OLIMPE mothers who still participated in the study at 6 months corrected age had a lower risk of being probably depressed (as measured by the CES-D scale) and were less anxious (as measured by the STAI scale) than OLIMPE mothers who discontinued study participation.

ADS scale components

At discharge, 43.3% of the i-ADS scales and 15.3% of the m-ADS scales had at least one unobserved component. Two unobserved items were particularly frequent in infants: touching (a) and touching (b), respectively 78.3% and 25.0%. For mothers, the most frequently unobserved items were touching (b) and holding, respectively 41.0% and 14.7%. An association was found between the observation (or not) of the items touching (a) in i-ADS and touching (b) in m-ADS (p<0.001).

At 6 months corrected age, the rates of unobserved components on the infant and mother subscales had decreased to 13.9% and 12.7%, respectively. All items on both scales were observed in more than 90% of the cases (Table 3).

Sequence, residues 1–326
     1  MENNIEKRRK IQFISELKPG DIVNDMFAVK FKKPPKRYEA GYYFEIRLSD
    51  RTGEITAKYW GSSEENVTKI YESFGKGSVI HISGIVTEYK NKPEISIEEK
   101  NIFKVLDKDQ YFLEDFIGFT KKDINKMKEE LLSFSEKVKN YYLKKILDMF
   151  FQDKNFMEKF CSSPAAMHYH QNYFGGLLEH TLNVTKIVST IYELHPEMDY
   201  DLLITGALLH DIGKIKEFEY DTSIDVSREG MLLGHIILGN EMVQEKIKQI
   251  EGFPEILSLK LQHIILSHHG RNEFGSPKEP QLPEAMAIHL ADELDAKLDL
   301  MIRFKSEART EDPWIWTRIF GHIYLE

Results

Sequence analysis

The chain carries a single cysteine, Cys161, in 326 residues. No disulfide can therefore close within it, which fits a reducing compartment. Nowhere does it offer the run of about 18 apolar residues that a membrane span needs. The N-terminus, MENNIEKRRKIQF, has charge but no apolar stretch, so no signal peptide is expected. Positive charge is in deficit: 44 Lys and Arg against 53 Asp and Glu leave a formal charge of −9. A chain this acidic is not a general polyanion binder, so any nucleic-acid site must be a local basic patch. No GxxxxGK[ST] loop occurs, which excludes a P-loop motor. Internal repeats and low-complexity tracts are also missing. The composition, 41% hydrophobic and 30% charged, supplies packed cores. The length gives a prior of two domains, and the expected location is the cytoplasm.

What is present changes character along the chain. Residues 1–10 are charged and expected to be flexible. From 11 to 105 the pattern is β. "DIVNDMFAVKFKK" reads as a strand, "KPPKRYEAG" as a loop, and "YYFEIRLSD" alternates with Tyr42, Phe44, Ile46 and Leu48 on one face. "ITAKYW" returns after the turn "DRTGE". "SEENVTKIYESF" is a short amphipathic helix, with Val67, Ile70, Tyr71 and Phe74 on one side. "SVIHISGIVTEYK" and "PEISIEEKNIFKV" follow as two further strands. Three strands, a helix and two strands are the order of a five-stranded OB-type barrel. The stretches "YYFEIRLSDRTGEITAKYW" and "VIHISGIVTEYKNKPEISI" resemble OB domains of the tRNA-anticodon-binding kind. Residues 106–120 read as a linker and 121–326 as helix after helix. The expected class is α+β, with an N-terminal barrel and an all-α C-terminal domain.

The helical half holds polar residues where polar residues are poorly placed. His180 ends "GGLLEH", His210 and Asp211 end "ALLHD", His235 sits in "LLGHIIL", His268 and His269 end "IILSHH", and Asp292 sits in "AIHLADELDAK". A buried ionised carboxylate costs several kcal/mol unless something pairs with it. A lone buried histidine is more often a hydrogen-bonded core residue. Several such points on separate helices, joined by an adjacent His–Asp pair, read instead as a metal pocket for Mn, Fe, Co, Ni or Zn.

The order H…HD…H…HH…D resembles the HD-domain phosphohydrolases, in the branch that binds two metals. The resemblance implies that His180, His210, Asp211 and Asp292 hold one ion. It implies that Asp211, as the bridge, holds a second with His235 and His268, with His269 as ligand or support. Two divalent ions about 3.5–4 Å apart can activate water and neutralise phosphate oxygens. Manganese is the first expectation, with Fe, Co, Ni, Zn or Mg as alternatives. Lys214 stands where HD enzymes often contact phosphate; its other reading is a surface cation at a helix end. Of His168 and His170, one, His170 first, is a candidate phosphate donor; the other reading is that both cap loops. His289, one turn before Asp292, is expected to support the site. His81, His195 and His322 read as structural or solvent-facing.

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Table 3. Frequency of unobserved items on ADS infant and mother subscales at discharge and 6 months.

https://doi.org/10.1371/journal.pone.0188942.t003

ADS scale interrater reliability

The ADS scale was independently assessed by two professionals in 59 dyads at discharge: 36.2% (59/163), and in 53 dyads at 6 months corrected age: 35.8% (53/148) (Table 4).

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Table 4. Interrater reliability of ADS infant and mother subscales at discharge and 6 months.

https://doi.org/10.1371/journal.pone.0188942.t004

At discharge, the percentages of agreement varied between 60.5% (touching (b)) and 77.6% (holding) for infants and between 58.6% (affect) and 78.0% (vocalizing) for mothers (unweighted percentages), while weighted Cohen’s kappa coefficients extended from 0.39 (affect) to 0.62 (proximity) for infant items, and from 0.43 (affect) to 0.76 (vocalizing) for maternal items.

At 6 months, the percentage of agreement and the weighted kappa coefficients for infant items were slightly higher compared with those at discharge and slightly lower for maternal items.

Interrater reliability for the presence or absence of an interaction disorder was determined for each subscale. Reliability was satisfactory for m-ADS at discharge [kappa: 0.66 (0.47–0.86)] and i-ADS at 6 months [kappa: 0.63 (0.38–0.88)], and moderate for i-ADS at discharge [kappa: 0.56 (0.34–0.78)] and m-ADS at 6 months [kappa: 0.53 (0.28–0.79)].